Comparing the Colossus next to the Colossus M is what generated my thoughts on dwindling full-tower usage. I generally build gaming-oriented systems, usually with a single SSD (at most, another HDD for storage). Since I’m constantly switching hardware and trying out different configurations, any personal/long-term data ends up in a NAS or cloud-based storage (to survive the fervent and constant hardware experimentation). I just don’t have the need for arrays of drives for the majority of my builds any more, and with ITX/mATX gaining in popularity it’s pretty simple to build comparable systems in much smaller chassis. Multiple GPUs end up as the last major reason (for me) to use a larger chassis, but as I found out in this article smaller cases are starting to perform similar there too. Of course, that’s my own experience – I’m always curious to hear about others’ configurations. As I mentioned before, that’s my favorite part of the PC ecosystem – options!

      I should reiterate, the Colossus does accommodate 240mm closed-loop coolers (check out the detailed features page); if I have time, I’ll try a few that I have on hand to double-check any clearances. If you needed the additional airflow, you could always leave the front door open – I didn’t have the time to test it, but I’m willing to bet airflow would be improved, however slight. Perhaps if BitFenix ever updates the Colossus, they’ll make some accommodations for radiators up front too. Out of curiosity, which CPU are you running at 5GHz? I’m going to assume a 2500K, but if it’s an FX CPU (the 73C limit?) you’ll have to let me know which board you’re using and the voltage you needed to get it stable – my i5-2500K will run at 5, but I’d love to reach 5GHz with the FX-8320 I have sitting around too 🙂

      And thanks for the feedback on the LED .gif! Glad to hear it was helpful!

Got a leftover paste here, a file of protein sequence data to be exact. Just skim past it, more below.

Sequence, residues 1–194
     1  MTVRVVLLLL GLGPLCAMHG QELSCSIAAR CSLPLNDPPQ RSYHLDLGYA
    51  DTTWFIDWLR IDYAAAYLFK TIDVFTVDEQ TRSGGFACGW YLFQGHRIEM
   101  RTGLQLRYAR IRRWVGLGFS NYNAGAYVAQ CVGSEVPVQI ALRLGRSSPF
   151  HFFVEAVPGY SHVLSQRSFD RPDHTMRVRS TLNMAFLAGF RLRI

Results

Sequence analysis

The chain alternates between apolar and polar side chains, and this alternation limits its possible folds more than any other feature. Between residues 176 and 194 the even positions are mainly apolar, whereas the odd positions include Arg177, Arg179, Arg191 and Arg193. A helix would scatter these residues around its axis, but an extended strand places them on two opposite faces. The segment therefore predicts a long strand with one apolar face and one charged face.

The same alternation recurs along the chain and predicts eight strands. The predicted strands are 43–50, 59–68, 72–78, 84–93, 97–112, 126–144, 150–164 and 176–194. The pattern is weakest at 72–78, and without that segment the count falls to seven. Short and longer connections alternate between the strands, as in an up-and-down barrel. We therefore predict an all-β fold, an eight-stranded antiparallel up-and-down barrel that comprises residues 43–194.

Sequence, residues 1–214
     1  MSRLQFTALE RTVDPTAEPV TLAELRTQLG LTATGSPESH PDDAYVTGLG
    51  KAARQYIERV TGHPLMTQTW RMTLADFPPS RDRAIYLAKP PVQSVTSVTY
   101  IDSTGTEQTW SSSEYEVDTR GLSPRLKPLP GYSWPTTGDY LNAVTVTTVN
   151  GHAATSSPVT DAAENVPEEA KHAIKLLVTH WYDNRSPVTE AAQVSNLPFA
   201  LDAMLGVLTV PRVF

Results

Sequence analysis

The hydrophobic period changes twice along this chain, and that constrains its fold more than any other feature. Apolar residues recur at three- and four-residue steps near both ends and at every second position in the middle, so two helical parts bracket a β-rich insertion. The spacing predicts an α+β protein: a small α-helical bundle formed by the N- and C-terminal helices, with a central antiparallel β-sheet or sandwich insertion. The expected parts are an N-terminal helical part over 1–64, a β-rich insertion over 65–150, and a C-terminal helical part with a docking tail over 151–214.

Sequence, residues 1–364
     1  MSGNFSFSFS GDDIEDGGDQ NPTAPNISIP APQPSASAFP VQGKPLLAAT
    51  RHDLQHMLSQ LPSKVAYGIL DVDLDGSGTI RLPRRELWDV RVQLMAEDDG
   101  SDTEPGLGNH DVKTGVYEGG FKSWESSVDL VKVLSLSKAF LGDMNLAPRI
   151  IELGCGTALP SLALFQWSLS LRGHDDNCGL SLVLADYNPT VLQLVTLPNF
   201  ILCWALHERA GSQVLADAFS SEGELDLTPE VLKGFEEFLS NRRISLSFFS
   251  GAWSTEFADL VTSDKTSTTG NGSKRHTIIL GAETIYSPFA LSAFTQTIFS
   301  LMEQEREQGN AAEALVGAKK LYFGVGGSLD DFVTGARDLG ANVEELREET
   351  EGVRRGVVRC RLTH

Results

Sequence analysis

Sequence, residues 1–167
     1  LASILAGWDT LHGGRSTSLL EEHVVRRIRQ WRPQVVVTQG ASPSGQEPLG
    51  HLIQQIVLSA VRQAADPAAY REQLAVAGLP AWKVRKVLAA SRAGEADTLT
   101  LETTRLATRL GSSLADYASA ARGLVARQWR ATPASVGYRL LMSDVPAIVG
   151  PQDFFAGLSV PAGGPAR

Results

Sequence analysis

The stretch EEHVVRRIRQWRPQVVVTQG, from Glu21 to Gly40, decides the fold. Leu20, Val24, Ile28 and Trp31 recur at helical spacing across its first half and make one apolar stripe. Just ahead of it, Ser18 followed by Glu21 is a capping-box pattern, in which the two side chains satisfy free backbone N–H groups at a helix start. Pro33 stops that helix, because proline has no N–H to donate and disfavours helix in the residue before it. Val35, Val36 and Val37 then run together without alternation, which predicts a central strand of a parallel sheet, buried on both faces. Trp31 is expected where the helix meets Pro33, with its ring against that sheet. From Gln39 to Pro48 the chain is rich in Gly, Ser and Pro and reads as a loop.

2. Tom Jaskulka

    I should add a little clarification – the BitFenix Colossus (the Venom Edition, anyway) does make a few provisions for watercooling in the front panel. The 3.5″ drive cage can be removed with a few screws (you can see them by the fan filters on the bottom), and the front 230mm fan can be replaced with two 120mm fans (or a 240mm radiator + fans).

    A Corsair H100i and SilverStone TD02 fit in this location, but the hoses wouldn’t be long enough to reach the CPU socket (each of those coolers would fit just fine up top as well). A Swiftech H220 would reach, but the extra reservoir attached to the radiator is a few millimeters too “tall” to fit underneath the 5.25″ bays. All three coolers would fit in place of the top 230mm fan, although the TD02’s thicker radiator might start to interfere with motherboard components, depending on your motherboard (in the system in the article, the 8-pin CPU power connector would definitely need to be plugged in first!).

  3. Rich

    Hey Tom, I Had just posted a reply to your first response a few moments ago and then I saw this one. I’m not sure if my post went through because I don’t see it. If I don’t see it when I return in a little while, I’ll repost it. I also need to steal a moment from some appointments to read this response more carefully, (I haven’t done that yet, I’m getting hammered by biz emails!).